About 2500 years ago Gautama Buddha outlined the four noble truths of Buddhism. The first noble truth is that life is suffering because all things fade and fall apart (Dukkha). The second noble truth is that the cause of suffering is our thirst for pleasure and happiness that can never be fully quenched (tanha). Buddhism has a prescription for this suffering which is to follow an eight fold path that includes mindfulness as key.
In the U.S., happiness is such an important concept that it is written into the declaration of independence.
“We hold these truths to be sacred & undeniable; that all men are created equal & independent, that from that equal creation they derive rights inherent & inalienable, among which are the preservation of life, & liberty, & the pursuit of happiness; …”
In the modern world we continue to follow Jefferson’s admonition to pursue happiness but many of us have fallen short. We are increasingly exhausted, run down, stressed out and depressed. And because we have fallen short, we are increasingly trying to become happy by taking antidepressants that have a profound effect not only on our physical body, but on the ecology around us.
Serotonin and Happiness
In our pursuit of happiness in the last 30 years we have become extraordinarily enamored with drugs that manipulate serotonin, a neurotransmitter that is found throughout the body and primarily in our enteric nervous system in the digestive tract. In the central nervous system of humans it is intimately entwined with the regulation of mood, cognition, sleep patterns and appetite.
In just 13 years (between 1999 and 2012) our use of serotonergic antidepressants such as zoloft, prozac and
celexa has nearly doubled with now 13 percent of us taking one of these drugs. 25 percent of women in their 40’s and 50’s now take antidepressants. The most prevalent antidepressants used today are serotonin reuptake inhibitors that flood the synaptic cleft between neurons with serotonin that would normally have been reabsorbed and broken down. This increase in serotonin has been theorized to improve mood and wellbeing in some people but there is increasing evidence that many of these serotonergic antidepressants only act modestly better than placebo and only in the case of severe depression.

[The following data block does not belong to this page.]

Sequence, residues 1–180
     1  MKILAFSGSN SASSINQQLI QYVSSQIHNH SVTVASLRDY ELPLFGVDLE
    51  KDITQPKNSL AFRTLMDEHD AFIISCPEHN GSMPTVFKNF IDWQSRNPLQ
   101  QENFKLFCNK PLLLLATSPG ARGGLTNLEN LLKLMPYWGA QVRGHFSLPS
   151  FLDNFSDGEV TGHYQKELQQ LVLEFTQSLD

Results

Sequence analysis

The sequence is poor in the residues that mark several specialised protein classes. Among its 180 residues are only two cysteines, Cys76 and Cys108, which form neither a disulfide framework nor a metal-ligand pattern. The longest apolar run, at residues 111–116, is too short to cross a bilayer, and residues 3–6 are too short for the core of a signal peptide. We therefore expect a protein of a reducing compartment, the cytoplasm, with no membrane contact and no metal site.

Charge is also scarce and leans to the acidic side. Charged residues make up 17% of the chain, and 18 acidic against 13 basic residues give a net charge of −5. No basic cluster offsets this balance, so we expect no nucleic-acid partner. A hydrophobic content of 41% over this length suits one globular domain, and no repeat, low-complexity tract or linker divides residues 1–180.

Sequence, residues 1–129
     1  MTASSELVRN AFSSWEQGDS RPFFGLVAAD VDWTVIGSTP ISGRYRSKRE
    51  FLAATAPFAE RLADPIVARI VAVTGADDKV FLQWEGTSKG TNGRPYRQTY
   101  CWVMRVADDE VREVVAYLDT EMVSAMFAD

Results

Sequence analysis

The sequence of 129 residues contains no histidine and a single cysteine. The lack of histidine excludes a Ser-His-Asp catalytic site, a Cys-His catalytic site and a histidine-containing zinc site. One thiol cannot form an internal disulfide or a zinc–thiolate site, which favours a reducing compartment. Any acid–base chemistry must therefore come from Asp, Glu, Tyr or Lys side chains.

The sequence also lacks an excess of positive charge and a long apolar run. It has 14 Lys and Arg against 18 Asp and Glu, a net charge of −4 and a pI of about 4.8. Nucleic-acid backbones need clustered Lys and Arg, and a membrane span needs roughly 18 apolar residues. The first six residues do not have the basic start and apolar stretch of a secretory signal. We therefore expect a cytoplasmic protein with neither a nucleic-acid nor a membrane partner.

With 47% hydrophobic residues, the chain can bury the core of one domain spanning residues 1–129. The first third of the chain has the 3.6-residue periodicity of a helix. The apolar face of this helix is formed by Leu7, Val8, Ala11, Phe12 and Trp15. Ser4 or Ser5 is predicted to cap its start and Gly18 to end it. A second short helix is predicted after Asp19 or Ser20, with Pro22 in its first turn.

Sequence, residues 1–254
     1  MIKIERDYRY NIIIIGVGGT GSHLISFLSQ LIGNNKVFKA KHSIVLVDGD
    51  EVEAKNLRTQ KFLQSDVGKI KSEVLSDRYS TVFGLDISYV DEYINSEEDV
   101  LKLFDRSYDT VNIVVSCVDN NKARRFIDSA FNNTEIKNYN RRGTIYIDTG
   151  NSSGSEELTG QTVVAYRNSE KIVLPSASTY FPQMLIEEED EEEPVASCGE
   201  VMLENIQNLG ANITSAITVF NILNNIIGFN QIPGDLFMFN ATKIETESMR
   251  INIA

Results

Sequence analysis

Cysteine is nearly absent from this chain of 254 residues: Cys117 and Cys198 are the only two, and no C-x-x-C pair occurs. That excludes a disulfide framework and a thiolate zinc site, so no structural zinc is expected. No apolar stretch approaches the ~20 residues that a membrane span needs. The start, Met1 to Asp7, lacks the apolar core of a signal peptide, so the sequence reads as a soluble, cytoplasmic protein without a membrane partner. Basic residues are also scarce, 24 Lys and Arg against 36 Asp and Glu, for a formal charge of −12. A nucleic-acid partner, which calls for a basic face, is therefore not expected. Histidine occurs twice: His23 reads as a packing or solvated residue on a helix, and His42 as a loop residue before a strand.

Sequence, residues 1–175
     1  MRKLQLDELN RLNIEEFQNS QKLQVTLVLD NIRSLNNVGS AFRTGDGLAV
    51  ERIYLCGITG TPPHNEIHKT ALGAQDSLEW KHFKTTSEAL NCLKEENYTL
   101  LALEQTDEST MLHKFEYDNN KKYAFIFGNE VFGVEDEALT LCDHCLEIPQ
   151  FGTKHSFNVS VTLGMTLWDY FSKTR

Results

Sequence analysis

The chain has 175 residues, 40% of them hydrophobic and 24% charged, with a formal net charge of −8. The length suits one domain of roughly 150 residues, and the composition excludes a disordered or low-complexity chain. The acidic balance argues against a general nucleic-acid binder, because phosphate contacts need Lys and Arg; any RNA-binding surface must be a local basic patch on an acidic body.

In 2008, a metaanalysis of all the clinical trials of antidepressants concerning the effectiveness of antidepressants showed key findings:
“Drug–placebo differences increased as a function of initial severity, rising from virtually no difference at moderate levels of initial depression to a relatively small difference for patients with very severe depression, reaching conventional criteria for clinical significance only for patients at the upper end of the very severely depressed category.”
In layman’s terms, that means antidepressants are no better than a sugar pill unless one is very severely depressed. In essence, we are prescribing a vast amount of ineffective drugs with many side effects to a large section of society.
So what made us decide serotoninergic drugs were the answer to our desire for happiness? Part of the reason is that pharmaceutical companies have sold us on the idea that those of us who are depressed have a lack of serotonin and that these drugs correct that imbalance. But what we are finding out is that is very much a myth.
” … numerous studies of norepinephrine and serotonin metabolites in plasma, urine, and cerebrospinal fluid as well as postmortem studies of the brains of patients with depression, have yet to identify the purported deficiency reliably.”
In essence, we have been sold an idea that really is not rooted in fact. There is no “correct” level of serotonin. We are not depressed because we have too little and we certainly don’t need prozac to correct a serotonin imbalance. That would be like saying we are anxious and need Johnny Walker to correct an alcohol deficiency.
Because the serotonin deficiency story has been proven to be a poor model, new models for why antidepressants can be effective for some have developed. One main idea is that serotonergic antidepressants act to change neural architecture and promote nerve growth and plasticity as a way of lessening depression. A further hypothesis is that serotonergic antidepressants reduce pro-inflammatory cytokines that are associated with depression. But since these medications are not outperforming sugar pills, perhaps the simplest explanation is that the placebo effect is enormously powerful. Just the act of going to a doctor, receiving a prescription for a drug and being told it will help reduce depression has been shown to lead to better outcomes. The power of suggestion, backed by highly esteemed medical professionals is an enormously powerful tool and there is some evidence that the placebo effect is rising.
Serotonin in Plants and the Human Brain